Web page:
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Bangladesh Delta Plan 2100 | Agro-economy of coastal Bangladesh

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A project of the General Economics Division of the Bangladesh Planning Commission funded by the Government of the Netherlands


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  • Agro-economy of coastal Bangladesh

    Agro-economy of coastal Bangladesh

    Bangladesh is one of the promising economies in the world. Per capita gross income (PCGNI) of the country is $987 in 2014 (Bangladesh Economic Review, BER, 2014). In terms of Development Index, Bangladesh ranks 140 out of 177 countries (Human Development Index, HDI, UNDP 2007). According to latest SVRS estimation (Bangladesh Bureau of Statistics, BBS, 2008), 144.5 million people live in an area of 1,47,570 sq. km. The rate of population growth is 1.39% per year. The population density (979 per sq. km.) makes Bangladesh one of the most densely populated geographical areas in the world, and adversely affects the land-man ratio. Per capita cultivated area has steadily declined from 0.27 acres (1983-84) to 0.15 acres in 2005 (BBS, Agriculture Sample Survey, 2005.)

    About 75% people of Bangladesh live in the rural areas, with most of them dependent on agriculture for their livelihood. Agriculture is the single largest sector — contributing about 19.09% of GDP and employing about 48.1% of the labour force (BBS, 2008). The coastal zone has a significant place in the economy of Bangladesh. About 3.6 million hectares of coastal land constitute nearly 25% of the geographical area; according to 2011 Population Census (BPC) about 25% of the population live in the coastal region. The agriculture sector in the coastal region of Bangladesh is extremely important. The coastal belt is about 710 km. in length.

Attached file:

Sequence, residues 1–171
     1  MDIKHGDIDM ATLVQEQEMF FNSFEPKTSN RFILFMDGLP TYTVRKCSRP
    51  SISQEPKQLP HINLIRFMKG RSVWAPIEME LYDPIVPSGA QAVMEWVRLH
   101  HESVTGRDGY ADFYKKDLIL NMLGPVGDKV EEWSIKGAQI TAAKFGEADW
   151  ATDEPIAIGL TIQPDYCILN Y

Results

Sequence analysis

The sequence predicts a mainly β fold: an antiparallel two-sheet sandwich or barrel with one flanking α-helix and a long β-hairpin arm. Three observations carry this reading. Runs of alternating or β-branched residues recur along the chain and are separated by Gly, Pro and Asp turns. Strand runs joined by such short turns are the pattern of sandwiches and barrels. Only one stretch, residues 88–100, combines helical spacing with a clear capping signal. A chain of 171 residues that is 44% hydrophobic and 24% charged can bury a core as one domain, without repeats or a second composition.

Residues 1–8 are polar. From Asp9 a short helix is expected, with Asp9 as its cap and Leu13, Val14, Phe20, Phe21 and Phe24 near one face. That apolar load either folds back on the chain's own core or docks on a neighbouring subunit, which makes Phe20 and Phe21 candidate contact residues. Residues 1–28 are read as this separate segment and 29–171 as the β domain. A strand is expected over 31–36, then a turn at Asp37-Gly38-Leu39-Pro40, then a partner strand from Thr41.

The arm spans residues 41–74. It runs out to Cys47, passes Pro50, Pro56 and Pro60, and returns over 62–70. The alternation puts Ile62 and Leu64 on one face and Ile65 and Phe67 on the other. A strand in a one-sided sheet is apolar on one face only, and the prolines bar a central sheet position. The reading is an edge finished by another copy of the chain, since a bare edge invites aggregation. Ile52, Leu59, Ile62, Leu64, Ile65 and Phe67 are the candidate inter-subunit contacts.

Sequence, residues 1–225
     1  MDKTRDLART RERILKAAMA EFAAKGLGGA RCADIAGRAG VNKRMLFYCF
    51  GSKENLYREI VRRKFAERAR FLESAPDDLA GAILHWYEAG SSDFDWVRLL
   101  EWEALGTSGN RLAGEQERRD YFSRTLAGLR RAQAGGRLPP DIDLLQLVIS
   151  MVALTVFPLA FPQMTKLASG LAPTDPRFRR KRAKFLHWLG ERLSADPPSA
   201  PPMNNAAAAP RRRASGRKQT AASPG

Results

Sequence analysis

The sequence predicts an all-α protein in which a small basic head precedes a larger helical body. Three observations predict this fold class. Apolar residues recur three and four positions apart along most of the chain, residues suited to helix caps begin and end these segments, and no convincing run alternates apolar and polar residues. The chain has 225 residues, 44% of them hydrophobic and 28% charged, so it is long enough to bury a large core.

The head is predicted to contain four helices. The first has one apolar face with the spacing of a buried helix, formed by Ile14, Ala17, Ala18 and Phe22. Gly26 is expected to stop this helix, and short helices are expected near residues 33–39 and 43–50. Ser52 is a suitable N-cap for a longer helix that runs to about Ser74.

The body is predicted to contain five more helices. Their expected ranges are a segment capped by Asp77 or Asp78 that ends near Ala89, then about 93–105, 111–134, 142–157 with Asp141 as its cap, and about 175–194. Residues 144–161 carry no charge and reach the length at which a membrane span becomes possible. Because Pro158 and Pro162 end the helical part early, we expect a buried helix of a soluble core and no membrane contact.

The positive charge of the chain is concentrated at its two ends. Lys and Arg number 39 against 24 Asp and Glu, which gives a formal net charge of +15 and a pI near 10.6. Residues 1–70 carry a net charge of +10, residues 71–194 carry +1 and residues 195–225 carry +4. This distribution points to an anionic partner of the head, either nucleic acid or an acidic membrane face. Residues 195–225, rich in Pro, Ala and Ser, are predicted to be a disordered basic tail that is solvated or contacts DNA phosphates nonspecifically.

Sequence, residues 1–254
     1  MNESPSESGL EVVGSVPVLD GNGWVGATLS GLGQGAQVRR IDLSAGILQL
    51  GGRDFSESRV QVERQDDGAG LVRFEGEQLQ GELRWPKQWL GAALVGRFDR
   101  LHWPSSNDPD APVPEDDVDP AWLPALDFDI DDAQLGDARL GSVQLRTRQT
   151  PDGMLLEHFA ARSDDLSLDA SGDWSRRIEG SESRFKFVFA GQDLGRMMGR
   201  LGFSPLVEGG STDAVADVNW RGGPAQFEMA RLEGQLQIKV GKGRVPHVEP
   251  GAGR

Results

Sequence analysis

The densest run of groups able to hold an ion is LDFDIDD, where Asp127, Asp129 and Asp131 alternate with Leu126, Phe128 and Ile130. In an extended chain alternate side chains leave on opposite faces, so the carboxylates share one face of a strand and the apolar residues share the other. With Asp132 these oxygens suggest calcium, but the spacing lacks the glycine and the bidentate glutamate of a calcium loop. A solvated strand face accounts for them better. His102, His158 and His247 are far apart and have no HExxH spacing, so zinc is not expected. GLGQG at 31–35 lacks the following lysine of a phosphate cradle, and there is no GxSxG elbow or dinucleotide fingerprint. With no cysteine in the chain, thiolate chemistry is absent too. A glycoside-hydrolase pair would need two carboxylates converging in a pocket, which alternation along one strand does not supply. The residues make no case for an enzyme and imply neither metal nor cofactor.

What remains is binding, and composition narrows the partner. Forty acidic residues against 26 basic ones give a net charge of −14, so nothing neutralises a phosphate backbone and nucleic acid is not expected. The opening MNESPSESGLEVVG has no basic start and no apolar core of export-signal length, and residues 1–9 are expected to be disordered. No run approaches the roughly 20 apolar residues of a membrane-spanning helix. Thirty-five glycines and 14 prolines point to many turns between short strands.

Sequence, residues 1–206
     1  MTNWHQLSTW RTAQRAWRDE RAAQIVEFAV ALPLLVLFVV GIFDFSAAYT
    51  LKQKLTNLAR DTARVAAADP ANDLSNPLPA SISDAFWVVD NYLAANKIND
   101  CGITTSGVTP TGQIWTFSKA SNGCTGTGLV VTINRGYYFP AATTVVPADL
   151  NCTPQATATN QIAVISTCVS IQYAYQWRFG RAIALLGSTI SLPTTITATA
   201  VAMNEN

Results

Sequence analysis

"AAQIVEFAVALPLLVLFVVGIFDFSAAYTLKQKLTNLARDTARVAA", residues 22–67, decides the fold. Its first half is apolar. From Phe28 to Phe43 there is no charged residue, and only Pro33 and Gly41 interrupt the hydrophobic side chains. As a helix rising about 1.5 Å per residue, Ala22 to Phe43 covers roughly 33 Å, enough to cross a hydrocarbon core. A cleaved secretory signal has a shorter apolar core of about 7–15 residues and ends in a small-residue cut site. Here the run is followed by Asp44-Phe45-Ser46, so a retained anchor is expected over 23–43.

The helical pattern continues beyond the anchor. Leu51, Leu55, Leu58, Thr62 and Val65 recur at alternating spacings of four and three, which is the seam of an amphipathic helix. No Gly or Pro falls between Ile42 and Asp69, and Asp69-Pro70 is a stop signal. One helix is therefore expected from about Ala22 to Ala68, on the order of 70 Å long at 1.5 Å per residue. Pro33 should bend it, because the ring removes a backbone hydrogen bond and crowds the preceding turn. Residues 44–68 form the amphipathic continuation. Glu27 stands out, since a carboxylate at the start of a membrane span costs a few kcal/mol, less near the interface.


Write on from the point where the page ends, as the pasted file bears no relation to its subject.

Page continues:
Bangladesh is an overwhelmingly agricultural country. The contribution to GDP and overall employment in the agriculture sector indicate its predominance in the national economy. However, the available information reveals that the contribution of agriculture sector to the national economy, in percentage terms, is declining. The share was about one-third of the total national production in the nineties, while it was about 40% in the seventies. The share of coastal zone has also gone down from about 25% to 23% during the last decade. The number of people engaged in the agriculture sector has declined from 78% in 1970 to about 60% at the end of the twentieth century.

    The coastal belt plays a vital role in the national economy. We have the world famous mangrove forest (the Sundarbans) and two seaports — Chittagong and Mongla — in the region. Besides this, shrimp culture is an important activity in the region, and noticeably influences foreign currency earning. Despite having the potential to accelerate growth, the coastal belt of Bangladesh is one of the depressed, if not neglected, regions of the country. The backwardness of the region is creating inter-regional imbalance, causing confusion and frustration among the population living in this vibrant but volatile region.